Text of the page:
The past couple of years were all about huge valuations and less about needing to prove peak operational efficiency across the entire business. Even if you didn’t experience this first-hand as a startup founder or employee, the sheer amount of funding dispersed just last year proves my point.
This year’s a bit different. In large part due to persistently high inflation, round sizes and valuations are starting to come down — or normalize.
As a CEO who successfully raised capital in Q4 last year and is actively raising another round right now, I want to share my observations and tactical tips with other founders looking to fundraise in today’s volatile market.
Investors right now really like safety and security products, life-saving drugs and low-cost consumables, because these are essential products and services.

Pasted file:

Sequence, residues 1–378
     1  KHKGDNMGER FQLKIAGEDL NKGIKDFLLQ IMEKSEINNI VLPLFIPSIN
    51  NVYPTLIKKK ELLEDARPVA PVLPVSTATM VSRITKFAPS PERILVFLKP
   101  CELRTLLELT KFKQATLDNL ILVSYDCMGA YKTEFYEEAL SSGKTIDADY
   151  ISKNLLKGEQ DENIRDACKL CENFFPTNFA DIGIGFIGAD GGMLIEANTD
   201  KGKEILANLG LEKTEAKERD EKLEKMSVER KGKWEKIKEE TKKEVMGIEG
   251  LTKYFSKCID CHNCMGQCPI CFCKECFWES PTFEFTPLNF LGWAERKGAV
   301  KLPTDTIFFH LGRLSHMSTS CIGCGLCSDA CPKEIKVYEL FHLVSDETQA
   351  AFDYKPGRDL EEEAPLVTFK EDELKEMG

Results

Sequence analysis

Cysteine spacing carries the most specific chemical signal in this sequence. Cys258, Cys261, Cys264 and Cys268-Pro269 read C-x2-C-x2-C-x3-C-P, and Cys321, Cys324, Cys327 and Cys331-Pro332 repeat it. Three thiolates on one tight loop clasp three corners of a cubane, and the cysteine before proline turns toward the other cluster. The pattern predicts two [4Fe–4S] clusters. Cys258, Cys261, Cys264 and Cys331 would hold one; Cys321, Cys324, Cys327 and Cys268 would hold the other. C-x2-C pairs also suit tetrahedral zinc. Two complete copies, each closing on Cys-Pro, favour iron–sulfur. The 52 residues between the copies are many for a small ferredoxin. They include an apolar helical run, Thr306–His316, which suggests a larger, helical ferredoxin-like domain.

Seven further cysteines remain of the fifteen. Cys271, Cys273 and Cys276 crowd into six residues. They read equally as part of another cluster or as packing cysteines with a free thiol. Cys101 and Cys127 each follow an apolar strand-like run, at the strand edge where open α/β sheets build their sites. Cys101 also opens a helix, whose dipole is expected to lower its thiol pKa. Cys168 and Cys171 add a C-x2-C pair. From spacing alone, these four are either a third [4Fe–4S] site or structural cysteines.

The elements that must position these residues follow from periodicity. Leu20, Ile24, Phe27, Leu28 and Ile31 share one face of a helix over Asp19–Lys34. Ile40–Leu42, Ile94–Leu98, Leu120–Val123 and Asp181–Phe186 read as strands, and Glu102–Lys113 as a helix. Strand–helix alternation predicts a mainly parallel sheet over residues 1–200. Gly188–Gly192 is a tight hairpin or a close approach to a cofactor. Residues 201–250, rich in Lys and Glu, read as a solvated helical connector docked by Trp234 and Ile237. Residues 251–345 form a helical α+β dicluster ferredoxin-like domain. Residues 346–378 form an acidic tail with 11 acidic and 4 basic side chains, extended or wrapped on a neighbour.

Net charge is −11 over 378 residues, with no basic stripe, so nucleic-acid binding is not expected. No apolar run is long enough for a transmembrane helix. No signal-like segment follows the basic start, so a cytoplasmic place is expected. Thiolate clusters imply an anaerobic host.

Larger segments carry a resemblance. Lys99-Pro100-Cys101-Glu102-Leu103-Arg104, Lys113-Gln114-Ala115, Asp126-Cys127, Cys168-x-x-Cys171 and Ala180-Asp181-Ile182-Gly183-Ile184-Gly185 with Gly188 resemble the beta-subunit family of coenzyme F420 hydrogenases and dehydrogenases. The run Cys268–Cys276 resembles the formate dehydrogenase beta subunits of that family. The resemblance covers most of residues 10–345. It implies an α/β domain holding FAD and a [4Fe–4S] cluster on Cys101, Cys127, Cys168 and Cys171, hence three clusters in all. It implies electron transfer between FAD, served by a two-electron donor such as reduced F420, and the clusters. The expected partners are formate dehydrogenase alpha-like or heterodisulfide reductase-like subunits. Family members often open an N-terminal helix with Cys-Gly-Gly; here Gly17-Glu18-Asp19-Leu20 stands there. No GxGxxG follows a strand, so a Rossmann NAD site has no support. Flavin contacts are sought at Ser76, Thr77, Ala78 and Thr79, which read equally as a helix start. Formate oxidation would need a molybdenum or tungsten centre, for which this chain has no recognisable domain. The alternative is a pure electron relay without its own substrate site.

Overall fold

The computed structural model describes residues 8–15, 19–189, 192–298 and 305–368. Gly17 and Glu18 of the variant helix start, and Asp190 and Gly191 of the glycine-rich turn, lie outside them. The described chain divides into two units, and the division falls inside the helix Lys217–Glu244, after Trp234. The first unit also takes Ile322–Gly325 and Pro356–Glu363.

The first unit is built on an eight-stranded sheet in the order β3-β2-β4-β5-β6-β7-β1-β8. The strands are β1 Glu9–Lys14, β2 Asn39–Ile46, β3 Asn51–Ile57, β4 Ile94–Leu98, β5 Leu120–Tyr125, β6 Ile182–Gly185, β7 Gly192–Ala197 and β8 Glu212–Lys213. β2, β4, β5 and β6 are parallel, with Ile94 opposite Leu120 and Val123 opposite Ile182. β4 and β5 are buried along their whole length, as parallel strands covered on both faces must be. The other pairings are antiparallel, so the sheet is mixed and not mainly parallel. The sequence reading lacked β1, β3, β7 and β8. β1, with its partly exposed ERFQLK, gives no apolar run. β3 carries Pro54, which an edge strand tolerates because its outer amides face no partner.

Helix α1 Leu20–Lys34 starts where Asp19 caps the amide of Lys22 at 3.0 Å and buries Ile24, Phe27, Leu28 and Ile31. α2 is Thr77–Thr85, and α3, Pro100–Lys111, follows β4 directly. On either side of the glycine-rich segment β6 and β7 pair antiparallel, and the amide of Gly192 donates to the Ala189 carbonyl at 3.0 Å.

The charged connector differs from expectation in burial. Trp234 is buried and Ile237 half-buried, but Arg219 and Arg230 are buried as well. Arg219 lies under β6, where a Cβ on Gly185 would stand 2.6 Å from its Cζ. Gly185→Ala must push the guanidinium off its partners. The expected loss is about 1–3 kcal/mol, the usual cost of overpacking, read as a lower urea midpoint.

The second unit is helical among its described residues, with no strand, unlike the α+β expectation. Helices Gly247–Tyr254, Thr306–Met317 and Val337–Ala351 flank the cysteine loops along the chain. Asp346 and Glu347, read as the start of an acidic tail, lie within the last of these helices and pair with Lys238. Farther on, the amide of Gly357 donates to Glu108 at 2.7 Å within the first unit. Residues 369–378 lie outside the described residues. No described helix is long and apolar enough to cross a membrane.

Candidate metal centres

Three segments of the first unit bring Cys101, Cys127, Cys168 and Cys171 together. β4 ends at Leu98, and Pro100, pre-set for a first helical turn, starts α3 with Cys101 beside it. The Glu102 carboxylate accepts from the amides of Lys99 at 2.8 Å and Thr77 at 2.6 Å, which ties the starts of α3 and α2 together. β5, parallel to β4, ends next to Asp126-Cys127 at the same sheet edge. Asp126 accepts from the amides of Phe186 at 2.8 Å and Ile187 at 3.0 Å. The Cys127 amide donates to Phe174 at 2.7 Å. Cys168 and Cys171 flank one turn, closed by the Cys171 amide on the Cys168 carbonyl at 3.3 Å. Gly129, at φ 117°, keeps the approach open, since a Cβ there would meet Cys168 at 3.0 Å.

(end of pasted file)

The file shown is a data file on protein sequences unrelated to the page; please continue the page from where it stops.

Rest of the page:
What investors aren’t interested in
To give you an idea of my data sample size, I met roughly 60 investors to raise both my seed and Series A rounds. About 95% of those investors were based here in the U.S. (mostly in Silicon Valley), and they came from a combination of private equity, investment banks and growth VC firms.
Based on my conversations, here are three things I’ve noticed investors aren’t interested in right now:
Funding startup trends
Lately I’ve found most investors are looking for reasons not to invest. Common pieces of feedback for founders include, “Your churn is too high”; “You have too much revenue concentration from a single customer”; and/or “Your product has possible future regulatory risks.”
Businesses with lots of capital expenditure
If you have a capital-intensive business or go long stretches while being EBIT negative, you may find it hard to find a willing investor. Now is a terrible time to show a big loss in short-term operations.
Backing new companies
VCs are more apt to continue investing within their portfolio companies right now.